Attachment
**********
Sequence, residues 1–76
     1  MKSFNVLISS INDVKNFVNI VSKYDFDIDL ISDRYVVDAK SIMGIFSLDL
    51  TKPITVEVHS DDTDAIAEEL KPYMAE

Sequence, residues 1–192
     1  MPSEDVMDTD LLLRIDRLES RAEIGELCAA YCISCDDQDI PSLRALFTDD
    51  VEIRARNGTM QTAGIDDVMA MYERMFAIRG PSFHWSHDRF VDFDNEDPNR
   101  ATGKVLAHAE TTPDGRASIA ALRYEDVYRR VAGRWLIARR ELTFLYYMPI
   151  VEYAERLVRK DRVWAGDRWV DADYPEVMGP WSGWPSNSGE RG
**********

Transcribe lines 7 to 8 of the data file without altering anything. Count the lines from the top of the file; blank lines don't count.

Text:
   101  ATGKVLAHAE TTPDGRASIA ALRYEDVYRR VAGRWLIARR ELTFLYYMPI
   151  VEYAERLVRK DRVWAGDRWV DADYPEVMGP WSGWPSNSGE RG